WILKO JOHNSON / GLENN TILBROOK - Queens Hall, Edinburgh 12.04.19
During the bridge in The Clash’s song ‘Remote Control,’ Joe Strummer sings “You’re my guitar hero”. This got me thinking about who today’s guitar heroes are. Who’s my guitar hero? The list is short but on top is a man who I have no qualms about giving the moniker ‘legend’ to and that’s Mr. WILKO JOHNSON. When I was 16 years old, a wiser man than myself told me that if I wanted to learn how to play the guitar better than anyone else then I should study the unique playing style of WILKO JOHNSON. From that point on I listened to ‘Dr. Feelgood’ religiously and I was hooked!
Wilko’s guitar style is derived from the technique that was adopted and played masterfully by ‘Johnny Kidd and the Pirates’’ guitarist Mick Green (1944-2010). Wilko’s take on this ‘choppy’ style of ‘plectrum-less’ guitar playing is what gave ‘Dr. Feelgood’ their unique sound and made hits out of songs such as ‘She Does it Right’ and ‘Roxette’.
In late 2012 Wilko was diagnosed as having a pancreatic neuron-doctrine tumour and given 9 months to live. Wilko underwent surgery to have a 3kg tumour taken out of him. Thankfully the operation and convalescence were successful and he recovered and was able to pick up his life and career and get back to doing what he loves, playing music. Those of you who are fans of HBO’s Game of Thrones will also recognise Wilko as Ser Llyn Payne in the first and second seasons.
As a fan, I greatly anticipated Wilko’s 2019 tour, which saw him back on the road with long-time friend Norman Watt-Roy, who was a fellow ‘Blockhead’ with ‘Ian Dury and The Blockheads’. Watt-Roy is also a trailblazer in his field as being one of the most talented and charismatic bass players ever to grace a stage. His presence is larger than life and his performances are flawless.
This was my first time in Queens Hall, Edinburgh. My first impression was what a lovely, quaint old place. On entering the hall I was astounded as it has been transformed into contemporary art and music centre with friendly and helpful staff. Beyond the curtains, I entered into a hall that had chairs neatly laid out in rows where I’d imagine the wooden pews once were. The upstairs had seating too, giving a spectacular view over onto the stage. The venue was warm and inviting and I could tell it was going to be a refined cultural experience. I was very much looking forward to the night’s event.
Tonight’s support act is none other than ‘Squeeze’ guitarist, GLENN TILBROOK, who performed a one-man acoustical jam, playing a wide array of hits, interspersed with the stories behind the songs which the audience lapped up. It’s a hard thing to do for one hour, stand-alone and play guitar and sing, but Glenn’s performance was mesmerising. The old church hall acoustics rolled the music around, giving a nice warm tone that was not too loud. The mix of vocals and guitar were perfectly balanced; something that’s not easy to get right. They say a great artist’s skill is tested most when they are asked to draw a perfect circle freehand. So too the test of a great sound engineer is their ability to balance one guitar and one vocal in a large echo-type room. To the engineer’s credit, they did a great job!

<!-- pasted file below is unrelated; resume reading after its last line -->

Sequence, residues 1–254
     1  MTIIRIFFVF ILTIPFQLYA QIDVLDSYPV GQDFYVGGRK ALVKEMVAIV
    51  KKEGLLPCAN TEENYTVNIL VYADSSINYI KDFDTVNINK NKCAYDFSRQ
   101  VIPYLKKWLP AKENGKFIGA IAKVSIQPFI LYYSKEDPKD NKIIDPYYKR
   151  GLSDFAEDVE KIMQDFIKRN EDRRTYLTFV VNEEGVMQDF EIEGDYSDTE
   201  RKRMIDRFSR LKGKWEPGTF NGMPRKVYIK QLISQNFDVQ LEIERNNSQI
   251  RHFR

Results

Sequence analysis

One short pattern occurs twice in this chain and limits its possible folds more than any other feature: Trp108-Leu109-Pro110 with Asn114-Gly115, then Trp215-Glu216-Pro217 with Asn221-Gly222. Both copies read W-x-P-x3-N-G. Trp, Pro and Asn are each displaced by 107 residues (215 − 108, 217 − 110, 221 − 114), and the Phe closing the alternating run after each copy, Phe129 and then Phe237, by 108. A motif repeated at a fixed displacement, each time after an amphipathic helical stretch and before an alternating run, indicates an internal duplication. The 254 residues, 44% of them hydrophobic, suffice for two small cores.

What I found really refreshing about this gig is that during the intermission between Glenn and Wilko, a man took up a position stage right selling ice creams. How often do you see that at a gig? The night had more of a theatre feel than a gig about which was very pleasant.
As the backing music faded way and silence filled the room, the assembled audience took to cheering as Wilko, Norman and Dylan Howe walked on stage. In no time at all the band lunged into their first number. For me, the next three songs were a blur. Usually, at the gigs I’m shooting at there is a dedicated pit area for us photographers to scuttle about in as we shoot or we’re lumped in with the rowdy crowd and it’s a free for all. However, tonight was different. It was not the sort of event you could cut about at. I anchored myself stage right as I set my long lens to task shooting away at Wilko. From this vantage point, Norman was just slightly out of my line of sight as he stayed close to the side of the stage. I managed to make a few manoeuvres and get myself situated without fuss to get more shots and just like that the three songs were over and my camera was retired for the evening.
I can honestly say hand on heart that seeing Wilko play was a humbling experience, given his past health problems and seeing the three men play live and getting lost in the music was just so much fun. The band gel together really well and I dared not take my eyes off Wilko in case I missed something, but I also did not want to tear my eyes away from Norman either! I think this is what you call tennis neck! What an amazing gig this was in a lovely venue. Everything about the night was great and more importantly the sea of smiling faces from the audience, who after speaking to some of them, confirmed they were in seventh heaven. Good job guys, come again…soon.
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